"Karlie, Helene!" comes a shout from across the bar. My brother Ernie is there and with him a guy I don't recognise. We sit down at their table and Ernie introduces me.
"Simon, this is my sister, Helene. Sis, this is Simon Hardy, we took him on as a salesman last year."
I nod towards Simon, appraising the young man. I get nervous meeting new people. They either give you a hard time or stare bog-eyed at you in worship.
"You're the famous sister," the salesman says, "at last I get to meet you."
I like his approach, he acknowledged me without overt fawning.
"When did you arrive home?" he asks.
As I continue the conversation I note he has that easy way of talking that salesmen have. He has a broad smile that he uses judiciously and puts me at ease very quickly.
"So when can we borrow your bike for the window?" he asks, "we can do this real big display... say, have you any trophies we could use?"
I tell him I'd like to help but I'd need clear it through Rotol's. They might have an insurance issue but otherwise, fine. We agree that he can have it for a week after I ride the two races.
Simon can talk a dog out of his bone and I find myself warming to him. Karlie and Ernie talk business and leave us to it. It's only afterwards did I think there was anything strange or calculating in that.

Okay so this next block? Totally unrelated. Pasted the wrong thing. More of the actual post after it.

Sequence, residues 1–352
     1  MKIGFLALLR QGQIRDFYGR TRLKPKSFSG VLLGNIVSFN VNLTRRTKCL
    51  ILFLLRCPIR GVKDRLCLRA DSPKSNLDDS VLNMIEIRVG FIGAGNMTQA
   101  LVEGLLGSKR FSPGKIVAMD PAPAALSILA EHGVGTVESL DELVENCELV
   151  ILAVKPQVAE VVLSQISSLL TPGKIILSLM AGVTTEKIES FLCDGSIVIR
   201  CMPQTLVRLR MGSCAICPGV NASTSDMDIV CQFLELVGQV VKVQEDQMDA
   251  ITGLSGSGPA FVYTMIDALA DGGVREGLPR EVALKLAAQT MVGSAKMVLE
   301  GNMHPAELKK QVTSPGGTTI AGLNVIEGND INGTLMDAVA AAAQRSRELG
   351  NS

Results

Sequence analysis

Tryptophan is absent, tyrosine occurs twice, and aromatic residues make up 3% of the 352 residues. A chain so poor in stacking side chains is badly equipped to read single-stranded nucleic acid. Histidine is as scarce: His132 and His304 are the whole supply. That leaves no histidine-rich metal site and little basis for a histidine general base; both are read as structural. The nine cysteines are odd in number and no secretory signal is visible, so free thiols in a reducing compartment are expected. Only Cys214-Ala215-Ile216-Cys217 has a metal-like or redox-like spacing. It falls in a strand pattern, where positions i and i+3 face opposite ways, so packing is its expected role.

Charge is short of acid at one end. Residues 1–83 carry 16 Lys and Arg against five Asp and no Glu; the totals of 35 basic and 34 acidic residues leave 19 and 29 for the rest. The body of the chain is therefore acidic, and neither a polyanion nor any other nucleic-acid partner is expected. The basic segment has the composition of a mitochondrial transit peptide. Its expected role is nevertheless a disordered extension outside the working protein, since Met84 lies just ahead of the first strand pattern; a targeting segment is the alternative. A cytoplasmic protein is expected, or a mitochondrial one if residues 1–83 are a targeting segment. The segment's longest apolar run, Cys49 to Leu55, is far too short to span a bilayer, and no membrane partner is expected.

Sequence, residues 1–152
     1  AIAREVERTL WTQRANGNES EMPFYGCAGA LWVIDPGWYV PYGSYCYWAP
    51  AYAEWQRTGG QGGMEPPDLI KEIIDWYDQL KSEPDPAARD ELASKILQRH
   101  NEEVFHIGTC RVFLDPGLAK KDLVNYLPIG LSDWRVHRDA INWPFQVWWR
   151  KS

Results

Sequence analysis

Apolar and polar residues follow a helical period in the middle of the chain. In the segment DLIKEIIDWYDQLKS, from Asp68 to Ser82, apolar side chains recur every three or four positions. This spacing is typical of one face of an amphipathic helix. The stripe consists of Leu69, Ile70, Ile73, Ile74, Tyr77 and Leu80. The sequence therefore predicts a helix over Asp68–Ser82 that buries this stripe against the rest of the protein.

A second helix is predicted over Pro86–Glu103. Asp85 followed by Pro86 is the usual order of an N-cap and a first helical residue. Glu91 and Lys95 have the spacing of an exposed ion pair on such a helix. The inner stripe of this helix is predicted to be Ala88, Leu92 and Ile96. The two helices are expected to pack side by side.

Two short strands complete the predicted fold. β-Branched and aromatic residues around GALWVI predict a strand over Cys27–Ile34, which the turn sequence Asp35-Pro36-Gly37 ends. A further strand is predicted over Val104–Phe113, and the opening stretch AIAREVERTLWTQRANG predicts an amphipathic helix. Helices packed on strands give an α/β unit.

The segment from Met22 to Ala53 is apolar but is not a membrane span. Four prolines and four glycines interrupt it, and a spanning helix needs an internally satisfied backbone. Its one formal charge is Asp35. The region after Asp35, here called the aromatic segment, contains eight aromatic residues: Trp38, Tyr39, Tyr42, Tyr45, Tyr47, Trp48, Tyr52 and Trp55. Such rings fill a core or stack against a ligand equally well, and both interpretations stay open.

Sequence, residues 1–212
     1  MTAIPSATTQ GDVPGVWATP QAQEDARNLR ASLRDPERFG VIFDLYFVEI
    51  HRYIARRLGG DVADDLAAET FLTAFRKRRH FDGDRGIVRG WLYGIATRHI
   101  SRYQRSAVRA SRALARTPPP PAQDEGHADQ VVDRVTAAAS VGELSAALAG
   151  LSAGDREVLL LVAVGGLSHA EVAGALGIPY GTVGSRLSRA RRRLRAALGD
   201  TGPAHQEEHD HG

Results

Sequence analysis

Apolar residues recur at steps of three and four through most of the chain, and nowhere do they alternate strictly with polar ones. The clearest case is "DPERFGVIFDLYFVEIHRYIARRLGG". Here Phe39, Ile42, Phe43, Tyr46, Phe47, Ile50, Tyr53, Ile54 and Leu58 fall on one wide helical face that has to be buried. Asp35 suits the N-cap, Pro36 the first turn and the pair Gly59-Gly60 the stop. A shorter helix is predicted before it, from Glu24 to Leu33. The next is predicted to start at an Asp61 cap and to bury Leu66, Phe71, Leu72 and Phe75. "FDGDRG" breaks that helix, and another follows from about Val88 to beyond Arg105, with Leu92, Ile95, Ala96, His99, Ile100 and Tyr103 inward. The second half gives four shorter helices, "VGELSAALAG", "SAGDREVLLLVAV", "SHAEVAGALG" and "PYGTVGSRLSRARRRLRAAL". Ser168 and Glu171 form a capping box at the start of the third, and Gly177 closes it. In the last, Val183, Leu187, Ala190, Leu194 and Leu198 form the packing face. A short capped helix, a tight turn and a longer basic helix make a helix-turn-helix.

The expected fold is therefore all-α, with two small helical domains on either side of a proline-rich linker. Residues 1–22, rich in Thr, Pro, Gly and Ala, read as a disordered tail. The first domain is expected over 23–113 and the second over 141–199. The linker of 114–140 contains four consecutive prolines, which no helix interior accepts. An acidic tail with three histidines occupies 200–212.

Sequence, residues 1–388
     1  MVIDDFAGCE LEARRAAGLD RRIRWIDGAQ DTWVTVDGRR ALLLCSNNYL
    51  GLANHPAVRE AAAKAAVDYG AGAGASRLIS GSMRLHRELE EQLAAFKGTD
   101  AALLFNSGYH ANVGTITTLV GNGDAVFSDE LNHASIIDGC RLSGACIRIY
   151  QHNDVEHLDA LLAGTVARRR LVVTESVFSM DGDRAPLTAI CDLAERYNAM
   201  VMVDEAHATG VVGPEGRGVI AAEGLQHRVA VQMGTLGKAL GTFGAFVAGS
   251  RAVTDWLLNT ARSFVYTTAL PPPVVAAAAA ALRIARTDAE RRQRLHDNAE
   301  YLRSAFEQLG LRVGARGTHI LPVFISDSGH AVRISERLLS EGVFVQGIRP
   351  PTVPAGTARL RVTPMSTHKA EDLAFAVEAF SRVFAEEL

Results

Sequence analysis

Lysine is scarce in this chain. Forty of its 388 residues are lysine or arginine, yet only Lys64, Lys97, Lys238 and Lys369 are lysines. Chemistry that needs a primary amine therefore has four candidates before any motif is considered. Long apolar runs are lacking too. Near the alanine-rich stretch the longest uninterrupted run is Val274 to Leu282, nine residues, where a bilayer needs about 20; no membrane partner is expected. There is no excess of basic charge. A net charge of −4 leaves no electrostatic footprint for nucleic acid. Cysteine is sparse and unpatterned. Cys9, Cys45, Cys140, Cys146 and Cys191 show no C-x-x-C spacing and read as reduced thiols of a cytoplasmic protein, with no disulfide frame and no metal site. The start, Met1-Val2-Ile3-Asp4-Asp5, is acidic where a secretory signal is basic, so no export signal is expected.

On the way home, Karlie asks me what I thought of Simon.
"Good salesman..." and then I twig. "you knew he was going to be there, didn't you?"
Karlie shrugs, noncommittally. He eventually tells me that he thought Simon and me would, 'get along.'
"Bloody matchmaker!" I tease him.
"He's a nice guy isn't he?" Karlie protests.
"Sure," I tell him, "he's alright."
It's not as if I'm not interested in the opposite sex. I'm just as normal as anyone my age when it comes to that. It's just that I don't have a lot of emotional space in my life at the moment. There was a time, following Robert's death when I sort of went a bit wild.
It was in Australia, where I returned after the funeral. I had another year to go with my contract and I knew that if I reneged I'd never get offered another chance.
The Aussies sure knew how to party. Towards the end of the season, in high summer, team discipline started to go out the window and the boys have a good time. I got dragged along to a few of these booze- ups, I was in a mood to get plastered.
One night, we'd all had a lot to drink and I decided to crash out in a spare bedroom. I was lying there half comatose when I became aware there was this guy in the room. He started to talk all softly and then I recognised him as this other rider who'd been eyeing me up.
Well, you see, in Australia it's really hot so we don't wear much under our racing leathers. I usually wore nothing but my underwear and sometimes there'd be little privacy and I'd have to change in front of the guys. At Bathurst I was so hot I peeled off my gear right in the pit area. I looked up and this guy was staring at me from the next stall, practically salivating! He was young, good looking and well-built. He also had a good Aussie swagger and that charming self-effacement thing they get into. I think he said something like,